Fruits and vegetables are also important for what they don't do. Some foods—especially cheeses, meats, fish, and some grains—make the blood more acidic when digested and metabolized.9 These foods add to the body's “acid load.” When this happens, bone minerals, especially calcium, are often pulled from the bones to neutralize these acids.10 Diets high in fruits and vegetables actually tip the acid-base scales in the opposite direction and make it easier for bones to hold onto their calcium.9

Vitamin D

Vitamin D is a hormone produced by sunlight on the skin. It controls your body's use of calcium and is an important player in bone building.11 A lack of adequate vitamin D results in rickets, a serious childhood bone problem. Avoiding rickets is as easy as getting a short daylight walk on most days or having a bowl of cereal with fortified soy or rice milk for breakfast. About 15 minutes of sunlight each day normally produces all the vitamin D your child needs. If your family gets little or no sun exposure, you can include any common multivitamin or a serving of a vitamin D-fortified food in your daily routine. Consuming too much causes problems, so be sure not to overdo it!

Calcium from Plant Sources

Children and adults lose calcium from the body every day, so we need to replenish it. Healthful calcium sources are “beans and greens.” Broccoli, Brussels sprouts, collards, kale, mustard greens, turnip greens, and others are loaded with highly absorbable calcium and a host of other important nutrients. While these foods have a smaller amount of calcium per serving compared to dairy products, they have more calcium per calorie, and the calcium they contain is absorbed nearly twice as well as the calcium in cow's milk.12

One cup of cooked kale, for example, has the same amount of absorbable calcium (100 milligrams) as one cup of cow's milk with less than half the calories. Beans are a good source of calcium, too. Choose from baked beans, chickpeas, tofu, or other bean products, and you will find a taste to please every palate. Just a few ounces of tofu, a bowl of vegetable chili or creamy Broccoli Potato Soup will provide your child with another healthful helping of absorbable calcium.

If you are looking for a concentrated calcium source, calcium-fortified orange and apple juices as well as enriched soy and rice milks contain 300 milligrams or more of calcium per cup in a highly absorbable form. Your child only needs two-thirds of a cup of fortified orange juice, one cup of fortified soymilk, or one-third cup of Total Plus cereal to get the same amount of absorbable calcium as a small carton of cow's milk. Children readily enjoy tasty and healthy treats made with these calcium-rich foods, such as Orange Power Pops or cereal topped with berries and rice milk.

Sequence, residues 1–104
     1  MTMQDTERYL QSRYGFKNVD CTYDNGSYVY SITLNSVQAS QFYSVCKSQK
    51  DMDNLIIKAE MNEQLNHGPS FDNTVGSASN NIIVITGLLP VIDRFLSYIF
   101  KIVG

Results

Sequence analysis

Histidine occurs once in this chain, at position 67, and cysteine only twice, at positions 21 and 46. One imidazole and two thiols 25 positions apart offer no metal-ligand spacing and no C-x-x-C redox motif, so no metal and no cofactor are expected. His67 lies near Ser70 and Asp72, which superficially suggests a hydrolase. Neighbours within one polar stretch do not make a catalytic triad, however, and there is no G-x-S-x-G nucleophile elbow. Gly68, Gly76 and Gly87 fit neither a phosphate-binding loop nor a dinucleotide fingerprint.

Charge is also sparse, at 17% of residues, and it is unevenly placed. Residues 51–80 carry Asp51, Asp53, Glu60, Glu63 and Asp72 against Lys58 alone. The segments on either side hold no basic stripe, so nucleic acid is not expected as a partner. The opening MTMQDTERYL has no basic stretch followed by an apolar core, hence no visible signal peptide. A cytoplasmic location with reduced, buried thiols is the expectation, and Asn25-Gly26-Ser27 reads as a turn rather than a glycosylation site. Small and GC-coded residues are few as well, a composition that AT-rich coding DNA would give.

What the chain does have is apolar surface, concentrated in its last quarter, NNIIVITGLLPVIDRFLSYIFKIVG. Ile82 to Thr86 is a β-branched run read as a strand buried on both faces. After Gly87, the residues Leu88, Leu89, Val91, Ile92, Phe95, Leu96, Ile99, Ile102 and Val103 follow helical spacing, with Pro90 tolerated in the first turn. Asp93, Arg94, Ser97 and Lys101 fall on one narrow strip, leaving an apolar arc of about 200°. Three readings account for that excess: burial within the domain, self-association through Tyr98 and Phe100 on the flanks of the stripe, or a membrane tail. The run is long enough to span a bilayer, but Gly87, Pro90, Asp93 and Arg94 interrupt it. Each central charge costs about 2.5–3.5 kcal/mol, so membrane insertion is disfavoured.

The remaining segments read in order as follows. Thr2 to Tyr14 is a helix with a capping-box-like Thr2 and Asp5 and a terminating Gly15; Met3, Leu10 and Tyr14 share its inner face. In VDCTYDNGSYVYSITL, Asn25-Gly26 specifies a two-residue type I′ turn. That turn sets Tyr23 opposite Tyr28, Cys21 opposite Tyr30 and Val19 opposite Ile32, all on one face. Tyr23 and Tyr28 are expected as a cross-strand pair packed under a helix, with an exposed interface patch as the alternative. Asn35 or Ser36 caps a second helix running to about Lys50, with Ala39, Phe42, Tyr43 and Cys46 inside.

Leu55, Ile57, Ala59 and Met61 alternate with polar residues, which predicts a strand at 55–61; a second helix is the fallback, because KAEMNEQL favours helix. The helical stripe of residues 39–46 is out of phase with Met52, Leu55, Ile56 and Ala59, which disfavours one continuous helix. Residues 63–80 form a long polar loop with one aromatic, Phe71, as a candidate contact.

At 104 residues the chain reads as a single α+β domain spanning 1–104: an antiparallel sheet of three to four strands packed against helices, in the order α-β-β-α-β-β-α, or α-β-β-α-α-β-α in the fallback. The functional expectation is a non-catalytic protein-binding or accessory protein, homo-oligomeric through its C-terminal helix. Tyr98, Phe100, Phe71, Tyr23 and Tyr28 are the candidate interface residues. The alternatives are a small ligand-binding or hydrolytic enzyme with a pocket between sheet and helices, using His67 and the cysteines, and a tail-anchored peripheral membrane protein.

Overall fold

Avoiding Excess Bone Loss

A normal part of the bone-recycling process is the breakdown and release of calcium and other minerals into the bloodstream. These minerals are filtered through the kidneys and lost through the urine. Minimizing this loss is a smart strategy for protecting bones. Here are important steps you and your child can take to avoid excess bone loss:

  • Limit salty foods.
  • Avoid protein from animal sources.
  • Keep children away from smoking.
  • Avoid caffeine.

Salt

Researchers have known for a long time that higher salt (sodium) intake leaches calcium from the bones.13 The kidneys have the job of filtering excess salt into the urine. When they let the sodium pass out of the body, calcium flows out with it. This means the more salt your children consume, the more calcium they lose, and the more they need in their diets to replace the calcium that is leaving. Lowering salt intake will reduce bone breakdown and calcium loss. To do this, you may want to eliminate salty snack foods and canned goods with added sodium, and reduce or eliminate salt use on the stove and at the table.

Protein from Animal Sources

In 1992, a researcher from Yale University studying animal protein intake and hip-fracture/broken-bone rates in 16 countries around the world found that those with the highest meat, fish, egg, and dairy product consumption had the most fractures.14 They speculated that protein from animal products might stimulate bone breakdown and encourage calcium loss from the body. Since then, other researchers have confirmed this observation.15,16 As you will recall, animal protein-dense foods make the blood more acidic. The body responds by pulling calcium and other minerals out of bones to neutralize the acid and sending it out in the urine. Building your child's diet from fruits, vegetables, grains, and legumes is a good way to reduce this excess calcium loss and avoid broken bones.

Smoking

You already know that smoking increases susceptibility to colds and other respiratory illnesses and increases the risk of heart attacks and cancer. But did you know that smokers lose more calcium than non-smokers? A study of identical twins showed that if one twin was a long-time smoker and the other was not, the smoker had a 40-percent higher risk of a fracture or broken bones.17

Caffeine

It may surprise you to learn that the caffeine in sodas, coffee, and other beverages and foods slightly increases the loss of calcium from the body.18 Try to get in the habit of serving water with meals. You may also want to keep little bottles in the refrigerator for kids on the go. It makes good parenting sense to offer water first and nutritious juices, soy, or rice milks second.

Calcium Sources for Building Bones